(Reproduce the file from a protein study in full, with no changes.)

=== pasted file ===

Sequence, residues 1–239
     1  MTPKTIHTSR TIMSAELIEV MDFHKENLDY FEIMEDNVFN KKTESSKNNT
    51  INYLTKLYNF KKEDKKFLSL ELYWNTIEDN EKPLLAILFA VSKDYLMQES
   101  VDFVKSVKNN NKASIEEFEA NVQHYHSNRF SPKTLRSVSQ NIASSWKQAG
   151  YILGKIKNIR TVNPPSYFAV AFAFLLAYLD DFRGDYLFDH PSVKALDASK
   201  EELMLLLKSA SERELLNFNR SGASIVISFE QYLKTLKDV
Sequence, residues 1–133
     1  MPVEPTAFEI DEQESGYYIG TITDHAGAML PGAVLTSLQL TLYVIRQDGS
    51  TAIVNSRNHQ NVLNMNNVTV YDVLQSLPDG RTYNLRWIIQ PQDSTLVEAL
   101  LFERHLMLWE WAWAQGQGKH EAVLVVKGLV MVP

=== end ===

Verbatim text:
Sequence, residues 1–239
     1  MTPKTIHTSR TIMSAELIEV MDFHKENLDY FEIMEDNVFN KKTESSKNNT
    51  INYLTKLYNF KKEDKKFLSL ELYWNTIEDN EKPLLAILFA VSKDYLMQES
   101  VDFVKSVKNN NKASIEEFEA NVQHYHSNRF SPKTLRSVSQ NIASSWKQAG
   151  YILGKIKNIR TVNPPSYFAV AFAFLLAYLD DFRGDYLFDH PSVKALDASK
   201  EELMLLLKSA SERELLNFNR SGASIVISFE QYLKTLKDV
Sequence, residues 1–133
     1  MPVEPTAFEI DEQESGYYIG TITDHAGAML PGAVLTSLQL TLYVIRQDGS
    51  TAIVNSRNHQ NVLNMNNVTV YDVLQSLPDG RTYNLRWIIQ PQDSTLVEAL
   101  LFERHLMLWE WAWAQGQGKH EAVLVVKGLV MVP